Posts tagged with the category Self-Actualization
A Self-Indulgent Lent
When did giving up something for Lent turn into something self-serving? As a child, it was drilled into me through my Catholic upbringing that Lent was about giving up something valuable to us, so that we may appreciate the sacrifices of Christ during his 40 days and nights in the desert. So we would abstain from chocolate or candy, or give our...
The Existentialist Explanation of Lent or, Why Catholics Don’t Wash Their Faces on Ash Wednesday
Blow the trumpet in Zion!
proclaim a fast,
call an assembly;
Gather the people,
notify the congregation;
Assemble the elders,
gather the children
and the infants at the breast;
Let the bridegroom quit his room
and the bride her chamber.
Between the porch and the altar
let the priests, the ministers of the LORD, weep,
And say, “Spare, O LORD...
Welcome to the Existential Roundup, where we bring you links to some articles currently trending that may be of interest to those in the existential-humanistic psychology community.
Only two days into the new year and some of us are still considering what resolutions to make for the coming year while others have already said goodbye to...
The Paradox of Servant Leadership in the Classroom and Therapy Office
I loved Mr. Rogers as a kid—that avuncular, kindly, gently humorous man who could instill in me a desire to learn and become involved in civic endeavors better than any of my childhood teachers could.
Now, with Fred Rogers shining in my memory, I work as a professor and a therapist. In the classroom, I strive to be spontaneous, creative, and...
Out With the Old, In With the New
For those of you who do not follow the HBO series The Newsroom, penned by that most provocative of television writers, Aaron Sorkin, you have missed a most disturbing plot twist in the series’ final episodes that has actually made me lose sleep.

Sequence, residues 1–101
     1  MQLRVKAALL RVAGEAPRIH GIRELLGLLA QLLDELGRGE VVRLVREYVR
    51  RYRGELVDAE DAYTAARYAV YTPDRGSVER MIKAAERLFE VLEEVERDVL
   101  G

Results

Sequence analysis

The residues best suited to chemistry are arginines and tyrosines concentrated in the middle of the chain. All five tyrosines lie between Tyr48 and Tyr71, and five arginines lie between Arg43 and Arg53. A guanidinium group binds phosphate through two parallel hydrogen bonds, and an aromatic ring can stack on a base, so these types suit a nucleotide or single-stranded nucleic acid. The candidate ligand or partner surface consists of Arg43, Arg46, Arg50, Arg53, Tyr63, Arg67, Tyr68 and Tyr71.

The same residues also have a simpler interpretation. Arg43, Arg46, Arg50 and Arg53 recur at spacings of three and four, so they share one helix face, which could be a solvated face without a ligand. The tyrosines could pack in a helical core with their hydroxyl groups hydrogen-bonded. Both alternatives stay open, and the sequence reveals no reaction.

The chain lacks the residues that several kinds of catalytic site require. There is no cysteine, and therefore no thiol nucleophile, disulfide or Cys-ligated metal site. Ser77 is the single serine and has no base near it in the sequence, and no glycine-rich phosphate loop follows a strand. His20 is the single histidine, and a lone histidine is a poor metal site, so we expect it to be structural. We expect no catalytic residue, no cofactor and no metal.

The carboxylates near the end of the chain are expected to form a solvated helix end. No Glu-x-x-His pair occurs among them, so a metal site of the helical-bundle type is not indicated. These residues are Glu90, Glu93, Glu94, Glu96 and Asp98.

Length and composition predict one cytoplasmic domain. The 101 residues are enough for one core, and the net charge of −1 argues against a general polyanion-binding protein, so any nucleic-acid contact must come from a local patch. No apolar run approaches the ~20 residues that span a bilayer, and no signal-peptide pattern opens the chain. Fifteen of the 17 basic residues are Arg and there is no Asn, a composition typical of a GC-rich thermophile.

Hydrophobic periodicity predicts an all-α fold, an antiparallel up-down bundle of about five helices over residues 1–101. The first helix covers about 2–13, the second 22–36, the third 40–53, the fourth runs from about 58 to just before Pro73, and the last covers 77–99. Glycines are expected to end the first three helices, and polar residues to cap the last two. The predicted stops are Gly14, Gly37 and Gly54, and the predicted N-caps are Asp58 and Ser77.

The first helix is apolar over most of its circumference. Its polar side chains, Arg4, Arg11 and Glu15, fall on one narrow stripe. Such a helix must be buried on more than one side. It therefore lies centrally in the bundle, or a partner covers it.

The series centers on the newsroom of the fictional 24-hour news channel, ACN, which is...
Jack Benny, one of the 20th century’s greatest comedians to come out of the radio and Vaudeville circuit, was forever telling people who asked that he was 39.
Even when it was painfully clear he wasn’t. And everyone laughed at the joke every time.
And having just experienced/endured/gone through for the first of many times a birthday...
Psychoneurointracrinology is the study of psychological, neurological, and intracrinological processes forming a mind-brain continuum within the person (Gordon, 2007, 2013, 2015, in press). Psycho (psychological) refers to constructs variously referred to as psyche, self, soul, mind, and consciousness. Neuro (...
From Basic Human Tendencies to Personal Myth
Charlotte Bühler’s Theory of Development
Charlotte Bühler, a pioneer in women’s adolescent psychology, emphasized the distinctions between humanistic psychology and the Freudian science that had dominated the discipline earlier in her career. She pointed out that development is synonymous with health and self-realization...
She came to the coffee store and wanted tea. It was a little odd, but she was a little odd, somewhere between crazy and eccentric.
Her name, as you might have guessed from the title, was Sylvia. Jason's fourth law is the older you get, the younger everybody else looks; the corollary is that as I was young, I can't trust any assessments of...
Waxing Existential: Summer of Awe
This time of year, I often remember the summers I spent on Cape Cod, at sleepaway camp. I was an anxious kid in many ways, quiet and introverted. My self-confidence was unformed, my shame immense. I never loved sleepovers, unless they were at my house, so the thought of going to sleepaway camp for eight weeks was literally nauseating to me. I was...
What Is Your Legacy?
As we grow older and have less time left, there may be a tendency to ask, “What impact have I had?” “What have I contributed to others and future generations?” “What is my legacy?”
Most theorists agree that adult development is ongoing. As we age, a major task is to move beyond concerns of the self and acquire...
Sustainable Joy, Sustainable Living: Appreciating the Little Things
I believe that the little things can make a big impact on how we feel in our lives, whether it be how we try to solve a problem or heal, or how we integrate joy into our daily living. In a consumer culture that markets extravagant catharsis as a means for having a positive quality of life, not to mention the superficiality of goods, people often...